IT was Forza Italia on Thursday as Frankie Dettori romped into the record books with a scintillating four-timer at Royal Ascot.
Victories in the opening quartet of races ignited dreams of a clean sweep, but that dream was sadly extinguished in the Britannia as Turgenev got collared in the final strides.
The afternoon brought to mind his ‘Magnficent 7’ back in 1996, when he rode all seven races on the card.
However, that was an occasion significantly less ‘Royal’ than today’s, and it would have been one of the all-time remarkable achievements had he managed to ride the final two winners.
And it looked so likely for so long.
Following victories on A’Ali in the Norfolk, Sangarius in the Hampton Court, Star Catcher in the Ribblesdale and Stradivarius in the Gold Cup, Dettori took the reins on Turgenev, punted from 20-1 into 5-2 favouritism in arguably the most competitive contest of the week.
Taking the lead from an early stage, he quickly established a decent advantage – and then began to draw further and further clear.
With a furlong to go, the five-timer was well and truly on.
But you need an awful lot of luck in a race like the Britannia.
With twenty-nine rivals, all as unexposed as each other, you’re counting on your horse to be that little bit better-handicapped than the rest.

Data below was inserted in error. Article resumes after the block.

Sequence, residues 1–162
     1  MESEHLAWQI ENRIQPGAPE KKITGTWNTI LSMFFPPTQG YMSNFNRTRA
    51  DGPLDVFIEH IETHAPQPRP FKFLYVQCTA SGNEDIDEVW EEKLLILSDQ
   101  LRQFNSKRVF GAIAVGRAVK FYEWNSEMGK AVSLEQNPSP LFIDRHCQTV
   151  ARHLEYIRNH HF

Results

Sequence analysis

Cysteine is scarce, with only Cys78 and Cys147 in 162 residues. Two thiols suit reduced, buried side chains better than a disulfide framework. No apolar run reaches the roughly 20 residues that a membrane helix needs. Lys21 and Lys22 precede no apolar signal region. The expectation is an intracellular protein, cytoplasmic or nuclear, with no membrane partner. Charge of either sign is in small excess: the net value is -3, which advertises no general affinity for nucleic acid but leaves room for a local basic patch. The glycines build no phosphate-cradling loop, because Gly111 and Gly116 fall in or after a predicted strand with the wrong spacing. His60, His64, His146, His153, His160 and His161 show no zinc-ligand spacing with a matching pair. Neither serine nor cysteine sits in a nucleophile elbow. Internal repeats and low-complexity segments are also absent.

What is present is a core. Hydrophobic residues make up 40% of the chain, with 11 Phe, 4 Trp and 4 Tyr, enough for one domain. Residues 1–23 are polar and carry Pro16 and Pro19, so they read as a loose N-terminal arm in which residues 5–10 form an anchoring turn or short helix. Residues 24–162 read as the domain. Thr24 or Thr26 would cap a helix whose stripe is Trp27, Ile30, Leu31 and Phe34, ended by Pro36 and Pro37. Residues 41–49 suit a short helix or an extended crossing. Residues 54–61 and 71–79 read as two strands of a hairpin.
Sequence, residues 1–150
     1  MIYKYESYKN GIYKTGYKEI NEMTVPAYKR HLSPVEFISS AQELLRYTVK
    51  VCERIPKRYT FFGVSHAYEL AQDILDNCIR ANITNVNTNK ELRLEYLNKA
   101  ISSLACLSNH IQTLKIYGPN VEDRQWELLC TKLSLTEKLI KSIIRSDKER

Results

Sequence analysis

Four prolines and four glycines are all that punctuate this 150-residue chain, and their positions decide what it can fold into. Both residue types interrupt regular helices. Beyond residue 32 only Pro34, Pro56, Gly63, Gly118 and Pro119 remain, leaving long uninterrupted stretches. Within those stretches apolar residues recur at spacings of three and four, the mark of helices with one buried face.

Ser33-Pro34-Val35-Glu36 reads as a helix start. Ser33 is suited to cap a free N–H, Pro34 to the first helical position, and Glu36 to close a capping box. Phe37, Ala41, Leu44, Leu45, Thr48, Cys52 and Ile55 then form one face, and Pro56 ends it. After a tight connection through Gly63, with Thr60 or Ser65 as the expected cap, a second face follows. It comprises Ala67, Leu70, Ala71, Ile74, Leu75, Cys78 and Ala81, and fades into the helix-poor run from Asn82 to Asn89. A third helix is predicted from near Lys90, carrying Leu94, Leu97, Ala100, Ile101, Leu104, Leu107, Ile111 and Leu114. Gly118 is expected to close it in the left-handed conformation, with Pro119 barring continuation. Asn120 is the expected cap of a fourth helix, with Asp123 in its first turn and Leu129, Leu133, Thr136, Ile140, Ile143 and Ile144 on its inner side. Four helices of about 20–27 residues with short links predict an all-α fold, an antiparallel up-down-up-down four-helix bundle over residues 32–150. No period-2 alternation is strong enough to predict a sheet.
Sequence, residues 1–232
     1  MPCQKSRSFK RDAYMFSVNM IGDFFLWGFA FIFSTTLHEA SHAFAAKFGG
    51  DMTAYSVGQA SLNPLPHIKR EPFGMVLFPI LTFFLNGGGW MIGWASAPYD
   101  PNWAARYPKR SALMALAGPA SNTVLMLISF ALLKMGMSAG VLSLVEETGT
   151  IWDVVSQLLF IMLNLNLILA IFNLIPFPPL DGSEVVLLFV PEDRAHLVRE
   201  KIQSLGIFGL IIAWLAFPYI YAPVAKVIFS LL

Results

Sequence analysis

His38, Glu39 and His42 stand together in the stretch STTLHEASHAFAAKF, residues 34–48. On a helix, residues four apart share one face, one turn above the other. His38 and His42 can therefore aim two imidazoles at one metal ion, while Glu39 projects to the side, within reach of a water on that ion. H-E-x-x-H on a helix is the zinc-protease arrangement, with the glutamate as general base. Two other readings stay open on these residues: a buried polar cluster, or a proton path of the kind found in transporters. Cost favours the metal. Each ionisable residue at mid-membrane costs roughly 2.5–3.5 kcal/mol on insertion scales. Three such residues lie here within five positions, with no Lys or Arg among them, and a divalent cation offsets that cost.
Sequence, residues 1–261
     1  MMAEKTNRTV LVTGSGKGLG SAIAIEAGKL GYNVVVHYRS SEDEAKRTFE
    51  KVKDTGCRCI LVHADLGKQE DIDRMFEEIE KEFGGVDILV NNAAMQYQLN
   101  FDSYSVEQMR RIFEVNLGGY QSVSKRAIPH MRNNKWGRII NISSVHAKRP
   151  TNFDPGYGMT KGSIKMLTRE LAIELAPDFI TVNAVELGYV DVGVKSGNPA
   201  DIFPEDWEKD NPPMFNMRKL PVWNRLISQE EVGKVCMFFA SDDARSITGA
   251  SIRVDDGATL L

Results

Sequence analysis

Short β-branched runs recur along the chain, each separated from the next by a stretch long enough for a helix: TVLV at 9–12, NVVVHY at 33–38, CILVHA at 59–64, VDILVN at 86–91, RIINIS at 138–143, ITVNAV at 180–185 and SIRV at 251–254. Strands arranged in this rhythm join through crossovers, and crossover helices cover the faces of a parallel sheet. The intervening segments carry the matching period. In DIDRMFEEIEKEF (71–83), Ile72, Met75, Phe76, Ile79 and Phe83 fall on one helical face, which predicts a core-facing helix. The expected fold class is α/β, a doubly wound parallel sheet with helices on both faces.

And unfortunately, there was one who hadn’t read the script.
Biometric, with form figures of 112, saw his chance to add another 1 to his tally and flew down the outside to overhaul Frankie in the shadows of the post.
Kudos must be awarded to Harry Bentley, who gave the winner a peach, but it wasn’t the result anyone wanted.
The mood of the crowd was sombre afterwards, as is the mood of any crowd when history has been snatched from its grasp.
And so we’re left to ponder what might have been.
But that’s not to say we can’t look back on four sensational rides, as we saw the whole range of Dettori’s talents over the course of the afternoon.
On Sangarius he was bold to get through a gap. On Stradivarius he was patient and, most importantly, composed. On Star Catcher he was strong. And on A’Ali he was clever.
Whether he’s the greatest jockey of all time is up for debate.
But one thing’s for sure: there’s never been a better jockey at riding the hallowed Ascot turf.